One of the joys of my job is that I get to work with lots of different organisations & project professionals.
I frequently help organisations develop project management methods and deliver training to both new and experienced project professionals.
A frequently admitted weakness (apart from cake and cookies) is that they don’t do any risk management.
Welcome to the school of “we just cross our fingers and hope for the best”.
But what if the risk happens and the project is delayed or becomes more expensive? Well, this just becomes the excuse the PM uses to explain it with a shrug of the shoulders…”all was going well until this happened, not my fault.” A harsh but fair assessment.
So any time risk management is mentioned everyone immediately falls asleep. Grab a strong coffee and read on.
- Risk management is not optional. All projects have some risks. If you identify things that might go wrong and avoid or reduce them you are actually doing yourself and the project team a massive favour.
- Risk management is not about using your imagination. We don’t want a huge list of highly improbably risks but a practical list of things that could impact time, cost, quality, scope, and benefits. Look at previous projects & what went wrong. Review each deliverable or stage of work in a structured way to make sure you have considered all the risks relating to the full scope of the project.
- Think “causes” not “consequences”. When identifying risks don’t just say there is a risk the project might be late. What causes this lateness? That’s the risk.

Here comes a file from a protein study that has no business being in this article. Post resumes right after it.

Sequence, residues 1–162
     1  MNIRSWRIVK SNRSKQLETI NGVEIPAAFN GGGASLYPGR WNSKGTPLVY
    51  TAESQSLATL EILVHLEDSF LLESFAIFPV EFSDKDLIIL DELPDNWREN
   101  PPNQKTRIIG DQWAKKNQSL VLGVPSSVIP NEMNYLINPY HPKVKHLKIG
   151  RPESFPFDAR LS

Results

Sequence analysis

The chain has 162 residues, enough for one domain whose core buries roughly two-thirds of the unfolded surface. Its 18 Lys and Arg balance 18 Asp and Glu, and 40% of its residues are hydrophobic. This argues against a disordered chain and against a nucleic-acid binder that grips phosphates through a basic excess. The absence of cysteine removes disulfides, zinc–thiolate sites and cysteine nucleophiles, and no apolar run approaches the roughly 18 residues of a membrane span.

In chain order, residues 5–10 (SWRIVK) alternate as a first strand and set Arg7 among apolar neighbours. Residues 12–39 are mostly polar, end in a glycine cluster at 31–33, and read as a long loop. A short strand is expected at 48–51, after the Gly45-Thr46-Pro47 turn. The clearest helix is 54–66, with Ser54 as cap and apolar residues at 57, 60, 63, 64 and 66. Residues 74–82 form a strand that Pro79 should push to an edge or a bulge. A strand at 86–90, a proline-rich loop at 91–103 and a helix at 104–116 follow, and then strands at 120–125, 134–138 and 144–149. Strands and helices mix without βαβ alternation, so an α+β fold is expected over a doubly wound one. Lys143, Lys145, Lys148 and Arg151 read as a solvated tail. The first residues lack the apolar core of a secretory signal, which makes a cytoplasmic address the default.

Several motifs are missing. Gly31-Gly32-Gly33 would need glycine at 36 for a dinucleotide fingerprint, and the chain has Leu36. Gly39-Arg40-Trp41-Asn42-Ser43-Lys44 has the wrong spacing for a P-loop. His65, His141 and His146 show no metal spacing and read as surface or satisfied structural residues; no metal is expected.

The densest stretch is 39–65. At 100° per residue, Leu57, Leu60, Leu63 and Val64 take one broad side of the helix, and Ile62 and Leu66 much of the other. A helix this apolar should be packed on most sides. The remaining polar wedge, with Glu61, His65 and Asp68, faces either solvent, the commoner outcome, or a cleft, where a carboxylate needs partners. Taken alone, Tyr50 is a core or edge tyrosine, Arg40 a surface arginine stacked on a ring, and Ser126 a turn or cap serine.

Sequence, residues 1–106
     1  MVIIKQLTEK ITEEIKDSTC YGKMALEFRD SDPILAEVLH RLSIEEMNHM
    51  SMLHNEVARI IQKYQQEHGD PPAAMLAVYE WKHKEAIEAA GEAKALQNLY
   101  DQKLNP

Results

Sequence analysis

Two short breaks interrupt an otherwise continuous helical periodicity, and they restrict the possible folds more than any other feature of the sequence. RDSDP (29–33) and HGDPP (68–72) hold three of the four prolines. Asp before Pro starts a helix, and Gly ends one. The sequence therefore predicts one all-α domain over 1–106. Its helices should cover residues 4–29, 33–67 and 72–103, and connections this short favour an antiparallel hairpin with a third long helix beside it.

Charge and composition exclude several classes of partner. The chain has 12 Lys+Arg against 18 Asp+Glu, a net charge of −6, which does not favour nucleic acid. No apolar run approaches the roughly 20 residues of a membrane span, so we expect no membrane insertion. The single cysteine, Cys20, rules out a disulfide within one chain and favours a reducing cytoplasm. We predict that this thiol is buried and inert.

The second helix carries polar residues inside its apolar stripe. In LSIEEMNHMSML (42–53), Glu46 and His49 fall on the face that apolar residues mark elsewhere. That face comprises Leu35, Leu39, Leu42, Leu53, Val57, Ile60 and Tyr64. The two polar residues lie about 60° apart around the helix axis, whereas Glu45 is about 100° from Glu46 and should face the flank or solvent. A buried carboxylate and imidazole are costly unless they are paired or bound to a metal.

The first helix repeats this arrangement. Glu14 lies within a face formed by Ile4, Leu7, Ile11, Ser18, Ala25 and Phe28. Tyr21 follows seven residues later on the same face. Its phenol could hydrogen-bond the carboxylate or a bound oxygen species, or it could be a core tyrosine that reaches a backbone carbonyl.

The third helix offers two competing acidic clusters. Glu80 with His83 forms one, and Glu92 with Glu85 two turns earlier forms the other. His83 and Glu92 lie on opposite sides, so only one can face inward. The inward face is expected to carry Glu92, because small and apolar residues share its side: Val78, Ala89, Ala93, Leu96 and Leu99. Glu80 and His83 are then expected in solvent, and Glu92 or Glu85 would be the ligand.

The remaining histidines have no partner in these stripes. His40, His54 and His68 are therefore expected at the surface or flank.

- Simple scoring. Score each risk for probability and separately impact. A scale of 1 to 3 is very common where 1 is low and 3 is high.
- Simple maths. Multiple these two numbers together to reach a risk score for each risk.
- Proximity. How soon could this risk happen? In the “short” term, “medium” term or “long” term.
- Prioritise. Those with the highest risk scores and closest proximity should be reviewed first.
- There are 5 formal responses to risks: Avoid, Transfer, Mitigate, Accept and Contingency. The key one here is mitigation. What are the practical steps you can take to reduce the impact and/or probability of each risk?
- Identify these mitigation actions with the team, set owners and deadlines just like any other project task.
Risk management does create more work in the short term. This is one reason why Project Managers don’t do it, because they are busy enough as it is!
But risk mitigation is like placing a good bet. Let’s do £1k of extra work today as it’s likely to save £10k of extra work in the future. That sounds like a good bet. It’s worth the investment.
If you currently don’t do any risk management then use the word “concerns”. What concerns do you have with delivering the project timescales, budget, benefits, quality and scope.
Talk in these terms to the project team, identify the top 5 and agree actions you can take to mitigate these concerns.
Congratulations, you are now doing risk management!